This short Report, sponsored by the Lloyds Banking Group, asks the question “Does Advertising Reflect Modern Britain in 2018?” and answers it in a way that both GCSE and A-level Sociology teachers and students should find useful.
In basic terms, it’s a big, colourful, pdf file in three broad sections available for viewing online or offline as a pdf download.
1. Key Findings does exactly what you might expect by pulling together a couple of A4 posters worth of information – covering things like ethnic identities and media representations and stereotypes – and presenting it in a clear, informative, way.
2. Findings goes into more detail about what the research discovered, with a few bits-and-pieces of interpretation thrown into the mix for good measure. There’s also an interesting little section on “ethic identity”, plus a short discussion of the relationship between ethic and gender identities.
3. Methodology. This adds a further dimension of usefulness as far as sociology teachers are concerned because it provides an opportunity to examine how a piece of research is constructed, particularly in terms of its strengths, weaknesses, reliability and validity.
1. A semiotic audit involving “An objective review of 2,269 adverts from the top 50 advertising spenders in 2017 to see how they represented and portrayed B.A.M.E. groups in advertising”. Unfortunately, the Report gives no details about how, or by whom, this “objective review” was actually carried-out and it’s unclear whether this was a semiotic analysis of the adverts or some form of “content analysis with interpretive conclusions”. My guess, for what it’s worth, is that it was probably a bit of both: a content analysis of selected adverts with a bit of “semiotic interpretation” thrown in. I could be wrong, of course, but either way it could prove an interesting topic for discussion by A-level students.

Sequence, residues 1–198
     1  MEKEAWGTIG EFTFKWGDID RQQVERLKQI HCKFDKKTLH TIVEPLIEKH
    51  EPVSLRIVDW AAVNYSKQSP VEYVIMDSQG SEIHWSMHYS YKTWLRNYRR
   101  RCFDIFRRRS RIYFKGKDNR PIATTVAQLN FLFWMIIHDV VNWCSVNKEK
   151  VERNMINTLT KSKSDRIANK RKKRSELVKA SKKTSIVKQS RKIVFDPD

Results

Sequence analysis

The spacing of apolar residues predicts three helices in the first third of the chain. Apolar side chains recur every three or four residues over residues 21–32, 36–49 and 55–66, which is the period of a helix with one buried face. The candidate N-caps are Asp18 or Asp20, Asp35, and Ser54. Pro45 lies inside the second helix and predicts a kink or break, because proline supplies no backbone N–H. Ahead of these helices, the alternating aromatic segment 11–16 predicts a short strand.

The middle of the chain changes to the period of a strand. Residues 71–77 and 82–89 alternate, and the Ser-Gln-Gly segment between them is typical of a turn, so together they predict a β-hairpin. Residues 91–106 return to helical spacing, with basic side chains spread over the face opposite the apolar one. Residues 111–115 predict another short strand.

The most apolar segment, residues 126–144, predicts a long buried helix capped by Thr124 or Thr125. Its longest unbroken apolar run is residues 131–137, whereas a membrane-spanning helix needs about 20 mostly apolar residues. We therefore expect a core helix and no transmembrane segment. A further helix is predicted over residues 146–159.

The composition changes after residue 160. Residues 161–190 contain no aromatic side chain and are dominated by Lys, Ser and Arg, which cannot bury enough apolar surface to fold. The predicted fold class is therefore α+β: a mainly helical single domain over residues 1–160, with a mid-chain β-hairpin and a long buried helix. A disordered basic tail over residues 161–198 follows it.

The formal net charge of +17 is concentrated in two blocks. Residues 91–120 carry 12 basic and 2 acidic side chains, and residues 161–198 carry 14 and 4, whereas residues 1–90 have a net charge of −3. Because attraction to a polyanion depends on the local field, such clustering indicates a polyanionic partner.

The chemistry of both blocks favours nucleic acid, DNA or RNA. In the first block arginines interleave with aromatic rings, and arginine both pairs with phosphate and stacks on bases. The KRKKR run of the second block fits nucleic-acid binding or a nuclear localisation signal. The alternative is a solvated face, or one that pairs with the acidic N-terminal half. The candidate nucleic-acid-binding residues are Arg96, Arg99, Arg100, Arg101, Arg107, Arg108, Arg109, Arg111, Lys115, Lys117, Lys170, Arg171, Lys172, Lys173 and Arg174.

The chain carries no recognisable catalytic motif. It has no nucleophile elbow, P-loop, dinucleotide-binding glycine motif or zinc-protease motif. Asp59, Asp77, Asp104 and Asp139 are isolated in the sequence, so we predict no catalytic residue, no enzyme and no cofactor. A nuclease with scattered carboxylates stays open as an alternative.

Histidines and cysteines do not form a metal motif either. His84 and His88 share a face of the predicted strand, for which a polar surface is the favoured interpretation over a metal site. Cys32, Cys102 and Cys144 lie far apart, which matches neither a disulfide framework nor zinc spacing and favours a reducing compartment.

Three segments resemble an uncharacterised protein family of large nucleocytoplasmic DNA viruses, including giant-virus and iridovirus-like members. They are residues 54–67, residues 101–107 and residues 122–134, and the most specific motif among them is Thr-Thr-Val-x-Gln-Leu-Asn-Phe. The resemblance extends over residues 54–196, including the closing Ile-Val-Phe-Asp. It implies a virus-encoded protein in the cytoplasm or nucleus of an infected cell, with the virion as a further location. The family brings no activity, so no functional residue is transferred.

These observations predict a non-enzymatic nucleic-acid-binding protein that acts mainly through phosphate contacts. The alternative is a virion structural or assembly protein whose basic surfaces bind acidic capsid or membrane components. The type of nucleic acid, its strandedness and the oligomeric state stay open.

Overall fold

2. A quantitative online survey of “2,000 respondents inEngland and Wales” designed to understand how respondents saw both ethicrepresentations in advertising and ethnic identities. While the sample size is very decent, there’s no indication of how and where the survey was carried-out, what steps were taken to weight respondents in terms of categories like age, gender, ethnicity or class or whether the sample was self-selected.
3. Focus groups: While it’s always nice to see a bit of qualitative data, 4 (count ‘em) quotes – as interesting as they are – doesn’t seem like a great return for running an unknown number of focus groups (details about which – “attended by those from a broad range of backgrounds and specific B.A.M.E. groups” – are conspicuously lacking.
Overall, however, you and your students should find the Report a useful addition to the “media representations” debate, both for the content it provides and the questions (methodological and otherwise) it raises.